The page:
Simon Haslam's Oracle Fusion Middleware blog

2013: the Year O-box was Born!

2013 has been one of those "flat out" years for me. This has been due to a few factors: a SOA EDG project that spanned much of the year, a couple of systems going live in the summer, a few shorter engagements for architectural designs/reviews, the usual Oracle conferences and last, but certainly not least, forming a new software company called "O-box".

 2013
Firstly let's rewind a year:

Although I'd heard of the Oracle Database Appliance (ODA) I hadn't paid it any attention until I heard rumours of a new virtualisation option at Oracle OpenWorld 2012. Immediately this opened up the possibility of putting together various Fusion Middleware appliances whilst also benefitting from the tried and tested automated database provisioning and patching.

Of course there's nothing particularly new about Oracle appliances. At the end of the 90's Oracle launched a database appliance, code named "Raw Iron", which, if I remember correctly, was x86 hardware (HP or Dell) running Solaris x86 administered by Enterprise Manager. Not long after this Dell had a go with their Oracle Database Appliance by Dell. Both of these were single host/single instance 8i databases. Once RAC came along and, after Julian Dyke and I had worked on a couple of RAC plus clustered iAS projects, we jointly put together a package called "RAC-in-a-BOX" at the end of 2006. This was a simple but powerful pre-packaged RAC solution based on two HP DL385s and MSA1000 fibre attached storage. We learnt quite a lot in doing so, but suffered from the usual problem of being too technical without having enough sales/marketing nous.

Finally, after the Sun acquisition, Oracle must have found the rather nice 4U two bay blade-and-storage server, called the Sun X4370, in their product catalogue. With this they started Project Comet, i.e. the new Oracle Database Appliance. Andy Colvin and Kerry Osborne both wrote interesting blog posts about it. The product was launched just over 2 years ago in autumn 2011 and to date apparently over 2000 ODAs have been sold, making it vastly more successful than any previous Oracle appliance (certainly Julian and my one!).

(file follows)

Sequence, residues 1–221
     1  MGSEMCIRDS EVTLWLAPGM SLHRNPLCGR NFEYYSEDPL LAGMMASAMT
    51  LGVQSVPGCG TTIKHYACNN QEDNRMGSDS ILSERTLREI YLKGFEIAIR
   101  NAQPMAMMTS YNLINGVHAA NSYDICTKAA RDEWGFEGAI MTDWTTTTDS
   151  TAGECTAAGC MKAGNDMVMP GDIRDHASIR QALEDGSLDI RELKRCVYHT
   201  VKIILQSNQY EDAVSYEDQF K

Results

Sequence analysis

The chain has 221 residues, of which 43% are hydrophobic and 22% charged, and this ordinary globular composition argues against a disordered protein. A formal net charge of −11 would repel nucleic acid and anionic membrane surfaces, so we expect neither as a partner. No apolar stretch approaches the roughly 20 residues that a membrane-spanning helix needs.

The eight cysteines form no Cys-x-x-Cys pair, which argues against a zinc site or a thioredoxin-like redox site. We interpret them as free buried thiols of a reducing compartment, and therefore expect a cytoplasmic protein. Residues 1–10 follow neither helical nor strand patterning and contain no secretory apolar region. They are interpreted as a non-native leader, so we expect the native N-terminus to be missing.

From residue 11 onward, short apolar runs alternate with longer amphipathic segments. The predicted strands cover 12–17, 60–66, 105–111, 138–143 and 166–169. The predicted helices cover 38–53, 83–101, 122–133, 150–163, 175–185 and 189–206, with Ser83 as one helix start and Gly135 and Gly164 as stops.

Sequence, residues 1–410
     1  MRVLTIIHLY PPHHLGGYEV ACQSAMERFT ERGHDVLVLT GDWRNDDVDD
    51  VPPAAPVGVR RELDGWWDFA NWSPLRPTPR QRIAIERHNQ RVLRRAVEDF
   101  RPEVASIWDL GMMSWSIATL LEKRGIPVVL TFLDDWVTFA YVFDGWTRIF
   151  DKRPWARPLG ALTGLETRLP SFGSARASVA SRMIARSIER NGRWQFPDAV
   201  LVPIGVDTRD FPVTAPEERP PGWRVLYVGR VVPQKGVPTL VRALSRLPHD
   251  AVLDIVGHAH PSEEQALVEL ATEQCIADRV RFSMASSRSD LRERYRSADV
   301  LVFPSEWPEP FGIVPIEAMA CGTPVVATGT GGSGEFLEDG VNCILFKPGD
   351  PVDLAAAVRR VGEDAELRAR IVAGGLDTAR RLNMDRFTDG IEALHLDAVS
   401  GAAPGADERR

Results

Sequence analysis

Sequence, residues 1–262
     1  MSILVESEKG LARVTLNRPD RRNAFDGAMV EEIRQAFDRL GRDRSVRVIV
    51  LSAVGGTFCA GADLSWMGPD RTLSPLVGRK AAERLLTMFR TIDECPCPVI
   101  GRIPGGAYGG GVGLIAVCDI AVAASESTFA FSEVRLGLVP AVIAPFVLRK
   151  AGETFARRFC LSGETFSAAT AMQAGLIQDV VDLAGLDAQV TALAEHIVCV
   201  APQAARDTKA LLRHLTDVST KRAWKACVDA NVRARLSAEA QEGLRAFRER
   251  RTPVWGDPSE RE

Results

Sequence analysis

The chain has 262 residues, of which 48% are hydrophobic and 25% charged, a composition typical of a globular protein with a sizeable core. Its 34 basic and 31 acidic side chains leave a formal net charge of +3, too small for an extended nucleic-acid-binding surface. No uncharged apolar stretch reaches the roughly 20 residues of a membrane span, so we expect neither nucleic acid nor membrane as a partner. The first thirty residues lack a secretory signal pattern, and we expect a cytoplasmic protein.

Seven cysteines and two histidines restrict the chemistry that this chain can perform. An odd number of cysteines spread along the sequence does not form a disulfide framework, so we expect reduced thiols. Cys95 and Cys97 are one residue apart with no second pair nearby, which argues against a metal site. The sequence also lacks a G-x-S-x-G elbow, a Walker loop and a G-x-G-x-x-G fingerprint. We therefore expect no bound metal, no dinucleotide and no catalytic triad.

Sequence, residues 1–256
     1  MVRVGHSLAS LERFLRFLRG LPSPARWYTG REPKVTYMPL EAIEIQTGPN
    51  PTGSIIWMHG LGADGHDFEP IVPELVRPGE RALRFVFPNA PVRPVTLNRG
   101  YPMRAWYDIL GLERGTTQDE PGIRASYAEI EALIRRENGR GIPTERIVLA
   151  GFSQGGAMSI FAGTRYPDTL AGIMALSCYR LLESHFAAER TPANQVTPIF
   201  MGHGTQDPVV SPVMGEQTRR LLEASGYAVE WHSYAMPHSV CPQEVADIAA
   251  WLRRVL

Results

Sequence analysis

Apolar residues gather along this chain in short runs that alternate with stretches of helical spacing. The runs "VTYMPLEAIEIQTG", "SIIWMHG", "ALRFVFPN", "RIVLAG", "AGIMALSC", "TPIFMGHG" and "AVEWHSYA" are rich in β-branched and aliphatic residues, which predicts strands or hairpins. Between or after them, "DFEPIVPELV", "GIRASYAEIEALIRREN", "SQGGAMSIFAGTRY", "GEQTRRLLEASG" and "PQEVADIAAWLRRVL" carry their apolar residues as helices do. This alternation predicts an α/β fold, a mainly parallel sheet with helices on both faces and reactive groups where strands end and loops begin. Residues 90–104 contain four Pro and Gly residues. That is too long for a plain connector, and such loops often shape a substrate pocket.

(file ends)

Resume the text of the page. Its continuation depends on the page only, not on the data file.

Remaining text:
One thing that you will notice about all of these appliances is that they are x86/x86_64 based. Over the last few years x86_64 has become the architecture of choice for most of my customers and, following AMD's advances a decade ago, Intel seem to be on a roll at the moment - we now have 24 high performance Xeon cores available in a single 2 socket server!

Now, back to 2013:

In February Oracle started discussing details of the new virtualisation option for ODA. What must have been tricky for the ODA engineering team was that at the same time as this underlying change the ODA X3-2 hardware was also being prepared - the 2 server blade chassis was to go but more I/O capacity, 10GbE networking and the latest Xeon processors were coming. So whilst details of the ODA X3-2 was released at the start of March, even after the official launch of it and the "virtualized platform" in April, it took a couple iterations of the ODA software (v2.6) before virtualisation was supported with one image on both ODA v1 and X3-2.